Snap decisions

Over the years, many athletes and coaches have been tarnished by spur-of-the-moment incidents that prove unforgettable - and sometimes unforgivable.

April 26, 2006|By CHILDS WALKER | CHILDS WALKER,SUN REPORTER

He coached in a small-time league, and the incident happened in an out-of-the-way town, so Blast coach Tim Wittman did not find his name splashed about like those of Kermit Washington, Woody Hayes or Mike Tyson.

But the details of his predicament seemed so familiar.

A fierce competitor believes poor officiating, a violent opponent or a hostile crowd stand in his way. His quick decisions have almost always been good ones. But now, frustration takes over, his judgment lapses and he does something he can't take back. No one ever forgets.

It happened when Washington decked Rudy Tomjanovich in the midst of an NBA game. It happened when Hayes struck a Clemson football player as a bowl game slipped away from his beloved Ohio State. It happened when Tyson, feeling that Evander Holyfield was roughing him and realizing he could not win, bit a chunk from his opponent's ear.

It has happened to Juan Marichal, Bob Knight, John McEnroe, Roberto Alomar, Latrell Sprewell and Ron Artest. Last month, it happened to Wittman, 42, who admitted shoving one soccer official to the ground and choking another after his team's 8-6 loss to the California Cougars.

While the Blast is preparing for this weekend's Major Indoor Soccer League finals against the St. Louis Steamers, Wittman has been suspended for the next two seasons and fined an undisclosed amount, and he still faces charges in Stockton, Calif., after Monday's continuance.

Wittman, a Blast Hall of Fame player and a Calvert Hall graduate, was always known as a tough, wild competitor. He once told off owner Ed Hale and got himself traded to San Diego. When he returned to Baltimore with his new team, he taunted the crowd. But he had never been involved in anything like the fracas in Stockton.

Like most sports figures who've snapped, the coach explained his actions rationally.

"I shoved him, and he falls to the ground," he told The Sun. "I know I shouldn't have done that. I went over to where he fell on the ground, and then everything broke loose. People were grabbing and pushing me into the penalty box, this guy grabbed me around the shirt and was pushing me against the glass, and I choked him to [defend] myself ... as he was holding me up against the glass."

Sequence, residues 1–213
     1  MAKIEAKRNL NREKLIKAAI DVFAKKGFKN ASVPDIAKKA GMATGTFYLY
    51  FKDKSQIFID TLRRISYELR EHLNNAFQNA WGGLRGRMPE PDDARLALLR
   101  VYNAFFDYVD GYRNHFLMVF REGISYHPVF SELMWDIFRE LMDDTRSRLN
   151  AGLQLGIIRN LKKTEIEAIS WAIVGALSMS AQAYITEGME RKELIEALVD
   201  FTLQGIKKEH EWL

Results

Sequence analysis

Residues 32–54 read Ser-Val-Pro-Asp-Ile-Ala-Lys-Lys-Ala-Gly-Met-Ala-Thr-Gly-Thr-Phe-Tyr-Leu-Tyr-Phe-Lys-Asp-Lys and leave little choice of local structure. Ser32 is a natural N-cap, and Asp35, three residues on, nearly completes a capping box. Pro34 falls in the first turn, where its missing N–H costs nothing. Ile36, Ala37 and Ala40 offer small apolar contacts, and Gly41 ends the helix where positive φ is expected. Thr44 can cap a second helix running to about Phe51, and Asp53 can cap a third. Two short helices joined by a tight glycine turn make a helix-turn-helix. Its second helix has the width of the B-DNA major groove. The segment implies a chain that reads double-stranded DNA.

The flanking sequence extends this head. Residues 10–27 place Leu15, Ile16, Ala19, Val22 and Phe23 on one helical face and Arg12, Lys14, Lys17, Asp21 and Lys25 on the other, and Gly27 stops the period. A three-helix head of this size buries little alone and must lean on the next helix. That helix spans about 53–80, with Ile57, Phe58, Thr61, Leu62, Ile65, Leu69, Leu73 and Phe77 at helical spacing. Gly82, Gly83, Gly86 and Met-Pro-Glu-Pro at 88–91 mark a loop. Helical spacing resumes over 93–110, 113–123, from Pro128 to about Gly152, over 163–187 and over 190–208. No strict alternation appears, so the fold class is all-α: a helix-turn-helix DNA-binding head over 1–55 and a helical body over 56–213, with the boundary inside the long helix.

But it doesn't matter that such moments may not reflect a player or coach's career, say those who've watched past cases.

"It's a public act," said author John Feinstein, who has written about Washington, Knight and McEnroe. "And tapes don't go away."

Nor should the blowups be forgotten, many argue.

"Oh, sure, there are any number of examples where the incident is not reflective of that person's nature off the court," said Peter Roby, director of the Center for the Study of Sport in Society at Northeastern University. "But having said that, it's irrelevant. You have to prepare yourself and know that reacting that way is not an option."

Moral judgments aside, might the occasional spitting, choking and ear biting be inevitable byproducts of a world built on split-second decision-making?

"There are times when an athlete will describe going into a zone of optimal performance where they stop thinking and just react," said Eric Morse, a sports psychologist who works with University of Maryland athletes. "When they get into a zone like that and someone does something to trigger a reaction, it's not really thought out."

Klein Associates is an Ohio-based company that researches rapid decision-making by experts. In considering Wittman's situation, Klein executive Steve Gabbard noted that the coach is an expert at making soccer decisions but may not be expert at dealing with chaotic situations in which he feels threatened.

So at the moment when a melee ensued, Wittman may have been no different than any guy in a bar fight, said Gabbard, who also referees amateur soccer.

"The actions in those two domains require completely different skill bases," he said.

Feinstein said it's incorrect to lump these incidents together.

McEnroe and Knight had learned they could abuse officials with limited consequences. So when McEnroe berated an umpire and was disqualified from the 1990 Australian Open, "it was the culmination of years and years of walking right up to the line and thinking he could get away with it," Feinstein said. "He finally found the line he couldn't cross."

Washington, conversely, was a gentle man who had rarely pushed boundaries of conduct.

"I hesitate to call it an accident," Feinstein said of Washington's fearsome punch. "But it was so sudden."

The past is prelude

Some cases - those of Hayes, Knight and Tyson - inspired less shock because they seemed to confirm expectations of those volatile figures.

Knight's Hoosiers had fallen 10 down to Purdue in the first half of a 1985 game. A referee called a foul Knight didn't like and then called a technical on the outraged coach. As a Purdue player stepped to the foul line, Knight acted.

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